[Contents] [Index] Next Back <<

A Primer in Professionalism

Kunz, Kevin and Kunz, Barbara, Reflexions, Vol. 18, No. 3, Summer/Fall, p. 2

Stunned disbelief is usually the first reaction of the reflexologist told that his or her work is now considered to be a form of massage practice with massage licensing required. Somehow it just doesn't seem right that the government would take away the legal right to practice what many consider their "calling" to practice a belief system. Others don't see why untrained and unregulated massage practitioners who are not aware of the reflexology culture should be allowed to exclusively provide services and benefit financially. Others are concerned that the idea will be harmed as individuals who don't know anything about it are legally mandated to carry it forward.

What do you do if you receive a notice that massage licensing is now required for your reflexology practice? What do you do if you are required to have massage licensing already? What do you do if you're just concerned?

The following series of articles is designed to give you an overview of procedures and vocabulary words you need to understand the processes of professionalism and regulation.

The Process of Professionalism Meets the Process of Regulation

Kunz, Kevin and Kunz, Barbara, Reflexions, Vol. 18, No. 3, Summer/Fall, p. 2

Reflexology is emerging as a profession. The reflexologist has literally moved outside of his or her neighborhood into a widening marketplace. The rules have changed as informal standards of the neighborhood are increasingly augmented by the more stringent formal standards of a profession. Growth in the field has brought a competitive environment for reflexology practice that includes the process of regulation. The goals of professionalism and regulation are interlinked but each has its interests. Professionalism seeks to guarantee a quality of service. Regulation seeks to guarantee safety to the public.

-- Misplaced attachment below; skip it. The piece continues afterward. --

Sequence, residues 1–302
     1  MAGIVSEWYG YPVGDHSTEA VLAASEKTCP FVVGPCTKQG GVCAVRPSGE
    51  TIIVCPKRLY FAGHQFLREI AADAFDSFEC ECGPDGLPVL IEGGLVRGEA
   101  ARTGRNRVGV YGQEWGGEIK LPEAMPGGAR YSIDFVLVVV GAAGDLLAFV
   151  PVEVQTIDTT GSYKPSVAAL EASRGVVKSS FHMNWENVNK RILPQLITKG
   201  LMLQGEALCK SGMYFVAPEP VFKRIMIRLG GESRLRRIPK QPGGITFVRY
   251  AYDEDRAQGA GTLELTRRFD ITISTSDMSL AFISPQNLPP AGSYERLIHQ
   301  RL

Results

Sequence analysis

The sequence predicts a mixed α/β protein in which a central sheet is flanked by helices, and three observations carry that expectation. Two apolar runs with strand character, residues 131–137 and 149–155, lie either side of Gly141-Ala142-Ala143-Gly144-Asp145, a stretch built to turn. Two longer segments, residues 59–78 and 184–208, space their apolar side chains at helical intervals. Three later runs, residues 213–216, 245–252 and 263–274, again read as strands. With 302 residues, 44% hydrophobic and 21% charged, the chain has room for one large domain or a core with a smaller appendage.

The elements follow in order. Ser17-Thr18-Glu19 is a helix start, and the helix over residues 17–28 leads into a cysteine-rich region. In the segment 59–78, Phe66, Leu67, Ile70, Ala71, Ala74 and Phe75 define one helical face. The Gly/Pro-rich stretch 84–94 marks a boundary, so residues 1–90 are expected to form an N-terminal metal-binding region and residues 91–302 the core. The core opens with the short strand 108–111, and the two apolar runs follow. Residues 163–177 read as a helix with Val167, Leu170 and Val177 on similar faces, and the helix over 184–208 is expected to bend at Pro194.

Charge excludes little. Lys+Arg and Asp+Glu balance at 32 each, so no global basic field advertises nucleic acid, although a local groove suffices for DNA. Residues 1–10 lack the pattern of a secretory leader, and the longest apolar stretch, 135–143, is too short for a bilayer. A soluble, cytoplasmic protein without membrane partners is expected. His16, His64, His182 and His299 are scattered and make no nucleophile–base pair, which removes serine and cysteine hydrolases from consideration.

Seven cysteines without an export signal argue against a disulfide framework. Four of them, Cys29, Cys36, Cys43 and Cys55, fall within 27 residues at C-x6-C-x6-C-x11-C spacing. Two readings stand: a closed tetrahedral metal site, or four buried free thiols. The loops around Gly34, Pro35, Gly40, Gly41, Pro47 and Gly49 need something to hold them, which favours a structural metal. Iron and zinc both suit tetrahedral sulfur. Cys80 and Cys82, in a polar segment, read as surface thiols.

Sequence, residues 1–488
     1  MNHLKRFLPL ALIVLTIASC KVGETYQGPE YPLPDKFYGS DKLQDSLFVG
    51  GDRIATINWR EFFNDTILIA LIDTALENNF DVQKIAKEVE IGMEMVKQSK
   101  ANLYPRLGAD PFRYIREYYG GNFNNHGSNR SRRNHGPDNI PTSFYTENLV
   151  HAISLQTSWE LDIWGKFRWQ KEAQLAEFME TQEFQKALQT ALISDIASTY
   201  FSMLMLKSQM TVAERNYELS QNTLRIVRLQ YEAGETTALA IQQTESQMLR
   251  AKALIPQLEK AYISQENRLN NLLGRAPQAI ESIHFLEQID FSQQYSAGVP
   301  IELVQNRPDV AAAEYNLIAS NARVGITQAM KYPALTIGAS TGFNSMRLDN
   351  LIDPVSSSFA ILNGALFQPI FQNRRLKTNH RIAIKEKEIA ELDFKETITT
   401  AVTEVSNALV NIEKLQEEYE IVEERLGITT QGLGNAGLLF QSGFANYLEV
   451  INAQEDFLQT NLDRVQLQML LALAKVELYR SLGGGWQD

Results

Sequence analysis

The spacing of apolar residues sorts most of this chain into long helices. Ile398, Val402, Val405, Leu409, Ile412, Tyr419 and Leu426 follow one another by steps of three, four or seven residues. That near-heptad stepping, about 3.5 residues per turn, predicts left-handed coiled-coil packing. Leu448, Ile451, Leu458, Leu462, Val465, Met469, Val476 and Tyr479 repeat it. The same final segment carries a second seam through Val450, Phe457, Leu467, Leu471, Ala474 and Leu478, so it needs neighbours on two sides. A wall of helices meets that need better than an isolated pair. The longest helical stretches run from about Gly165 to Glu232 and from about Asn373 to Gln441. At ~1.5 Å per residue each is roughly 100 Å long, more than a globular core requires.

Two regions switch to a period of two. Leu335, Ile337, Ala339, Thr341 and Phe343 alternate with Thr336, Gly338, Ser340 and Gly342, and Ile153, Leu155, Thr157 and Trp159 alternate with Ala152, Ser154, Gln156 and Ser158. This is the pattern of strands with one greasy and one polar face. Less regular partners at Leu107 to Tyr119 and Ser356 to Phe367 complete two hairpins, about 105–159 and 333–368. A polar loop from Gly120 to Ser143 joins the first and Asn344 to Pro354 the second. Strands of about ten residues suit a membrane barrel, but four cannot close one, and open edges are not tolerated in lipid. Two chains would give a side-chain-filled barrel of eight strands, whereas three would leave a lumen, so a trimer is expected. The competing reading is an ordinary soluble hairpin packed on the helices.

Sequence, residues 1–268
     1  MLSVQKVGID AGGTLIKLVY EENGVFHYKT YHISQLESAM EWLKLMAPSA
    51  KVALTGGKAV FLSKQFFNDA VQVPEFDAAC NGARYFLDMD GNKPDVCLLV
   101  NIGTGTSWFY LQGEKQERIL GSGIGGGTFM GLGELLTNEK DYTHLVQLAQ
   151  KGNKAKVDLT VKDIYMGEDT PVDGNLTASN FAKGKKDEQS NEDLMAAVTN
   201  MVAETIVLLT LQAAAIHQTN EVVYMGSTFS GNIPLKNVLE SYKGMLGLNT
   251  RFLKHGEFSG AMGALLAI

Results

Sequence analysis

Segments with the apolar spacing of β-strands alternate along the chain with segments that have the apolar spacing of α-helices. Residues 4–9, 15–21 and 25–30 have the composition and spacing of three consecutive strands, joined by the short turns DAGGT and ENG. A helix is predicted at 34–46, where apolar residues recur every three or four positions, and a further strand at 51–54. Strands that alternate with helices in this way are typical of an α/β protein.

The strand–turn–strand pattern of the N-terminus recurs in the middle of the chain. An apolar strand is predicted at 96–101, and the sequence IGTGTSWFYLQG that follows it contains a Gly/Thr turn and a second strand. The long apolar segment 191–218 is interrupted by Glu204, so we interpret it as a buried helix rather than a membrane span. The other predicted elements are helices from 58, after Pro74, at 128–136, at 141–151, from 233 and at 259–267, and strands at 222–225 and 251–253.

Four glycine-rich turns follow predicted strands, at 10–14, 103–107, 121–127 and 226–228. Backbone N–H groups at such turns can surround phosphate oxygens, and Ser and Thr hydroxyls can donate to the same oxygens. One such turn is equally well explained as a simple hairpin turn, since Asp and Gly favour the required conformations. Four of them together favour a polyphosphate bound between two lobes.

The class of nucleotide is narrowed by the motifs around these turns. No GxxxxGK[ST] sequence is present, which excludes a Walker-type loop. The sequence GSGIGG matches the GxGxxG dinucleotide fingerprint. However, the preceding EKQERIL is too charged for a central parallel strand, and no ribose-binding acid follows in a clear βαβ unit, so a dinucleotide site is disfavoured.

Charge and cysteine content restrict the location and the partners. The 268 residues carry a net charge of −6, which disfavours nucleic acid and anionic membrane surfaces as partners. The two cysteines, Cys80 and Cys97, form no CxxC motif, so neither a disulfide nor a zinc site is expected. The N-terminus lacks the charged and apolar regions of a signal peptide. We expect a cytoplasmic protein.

Professionalism

The process of professionalism includes definition. A definition clearly and precisely signals to society as a whole what is special and unique to a professional practice. A "weak" profession emerges if definition is vague and if the resolve is lacking within the profession to see that practitioners practice within defined boundaries.

Definition becomes important in opening the door of official sanctioning to a profession. Licensing is granted to professions when its members show they offer a unique service whose regulation would benefit the public good. Definition serves as the basis for determining a legal perception of the performance of a professional. At issue, for example, when a doctor is being sued for malpractice is whether the doctor acted within the standards or defined practices of his or her profession during work with the patient. Definition thus serves as the basis for holding the professional liable for his or her actions.

Liability